10 Formulas in Excel Formulas are equations that perform calculations on values in your worksheet. A formula always starts with an equal sign (=). An example of a simple is =5+2*3 that multiplies two numbers and then adds a number to the result. Microsoft Office Excel follows the standard order of mathematical operations. In the preceding example, the multiplication operation (2*3) is performed first, and then 5 is added to its result. You can also create a formula by using a function which is a prewritten formula that takes a value, performs an operation and returns a value. For example, the formulas =SUM(A1:A2) and SUM(A1,A2) both use the SUM function to add the values in cells A1 and A2. Depending on the type of formula that you create, a formula can contain any or all of the following parts. Functions A function, such as PI() or SUM(), starts with an equal sign (=). Cell references You can refer to data in worksheet cells by including cell references in the formula. For example, the cell reference A2 returns the value of that cell or uses that value in the calculation. Constants You can also enter constants, such as numbers (such as 2) or text values, directly into a formula. Operators Operators are the symbols that are used to specify the type of calculation that you want the formula to perform. Create a Simple Formulas 1. Click the cell in which you want to enter the formula. 2. Type = (equal sign). 3. Enter the formula by typing the constants and operators that you want to use in the calculation. 4. Press ENTER. Create a Formula with Cell References The first cell reference is B3, the color is blue, and the cell range has a blue border with square corners. The second cell reference is C3, the color is green, and the cell range has a green border with square corners. To create your formula: 1. Click the cell in which you want to enter the formula. 2. In the formula bar, at the top of the Excel window that you use,, type = (equal sign). 3. Click on the 1 st cell you want in the formula. 4. Enter an Operator such as +, or *. 5. Click on the next cell you want in the formula. Continue steps 3 5 until the formula is complete 6. Hit the ENTER key on your keyboard. EXAMPLE FORMULA =A1+A2 =A1-A2 =A1/A2 =A1*A2 =A1^A2 WHAT IT DOES EXAMPLE FORMULA WHAT IT DOES =5+2 Adds 5 and 2 =5-2 Subtracts 2 from 5 =5/2 Divides 5 by 2 =5*2 Multiplies 5 times 2 =5^2 Raises 5 to the 2nd power Adds the values in cells A1 and A2 Subtracts the value in cell A2 from the value in A1 Divides the value in cell A1 by the value in A2 Multiplies the value in cell A1 times the value in A2 Raises the value in cell A1 to the exponential value specified in A2 10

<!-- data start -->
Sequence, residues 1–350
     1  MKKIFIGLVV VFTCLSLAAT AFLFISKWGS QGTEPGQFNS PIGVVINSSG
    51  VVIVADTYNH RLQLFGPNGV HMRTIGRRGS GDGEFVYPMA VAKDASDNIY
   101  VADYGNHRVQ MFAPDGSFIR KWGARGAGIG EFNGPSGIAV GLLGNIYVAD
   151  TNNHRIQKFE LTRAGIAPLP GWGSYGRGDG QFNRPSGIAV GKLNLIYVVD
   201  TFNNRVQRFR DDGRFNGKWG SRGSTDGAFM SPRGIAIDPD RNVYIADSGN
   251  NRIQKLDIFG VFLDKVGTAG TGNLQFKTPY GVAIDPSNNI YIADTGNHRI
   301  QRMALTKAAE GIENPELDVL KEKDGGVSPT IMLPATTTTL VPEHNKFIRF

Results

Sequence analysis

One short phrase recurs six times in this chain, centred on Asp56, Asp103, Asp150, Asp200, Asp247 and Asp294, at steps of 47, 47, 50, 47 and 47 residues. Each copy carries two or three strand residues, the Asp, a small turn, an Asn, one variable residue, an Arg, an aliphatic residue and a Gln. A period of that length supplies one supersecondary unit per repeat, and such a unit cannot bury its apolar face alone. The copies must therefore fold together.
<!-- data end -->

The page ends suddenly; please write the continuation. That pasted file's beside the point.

11 Create a Formula with Function 1. Click the cell in which you want to enter the formula. 2. Click Insert Function on the formula bar. Excel inserts the equal sign (=) for you. 3. Select the function that you want to use. NOTE: If you're not sure which function to use, type a question that describes what you want to do in the Search for a function box (for example, "add numbers" returns the SUM function), or browse from the categories in the Or Select a category box. 4. Enter the arguments. 5. After you complete the formula, press ENTER. 11 Use Auto Sum To summarize values quickly, you can also use AutoSum. 1. Select the cell where you would like your formulas solution to appear. 2. Go to the Home tab, in the Editing group, 3. Click AutoSum, to sum your numbers or click the arrow next to AutoSum to select a function that you want to apply. Delete a Formula When you delete a formula, the resulting values of the formula is also deleted. However, you can instead remove the formula only and leave the resulting value of the formula displayed in the cell. To delete formulas along with their resulting values, do the following: 1. Select the cell or range of cells that contains the formula. 2. Press DELETE. To delete formulas without removing their resulting values, do the following: 1. Select the cell or range of cells that contains the formula. 2. On the Home tab, in the Clipboard group, click Copy. 3. On the Home tab, in the Clipboard group, click the arrow below Paste, and then click Paste Values.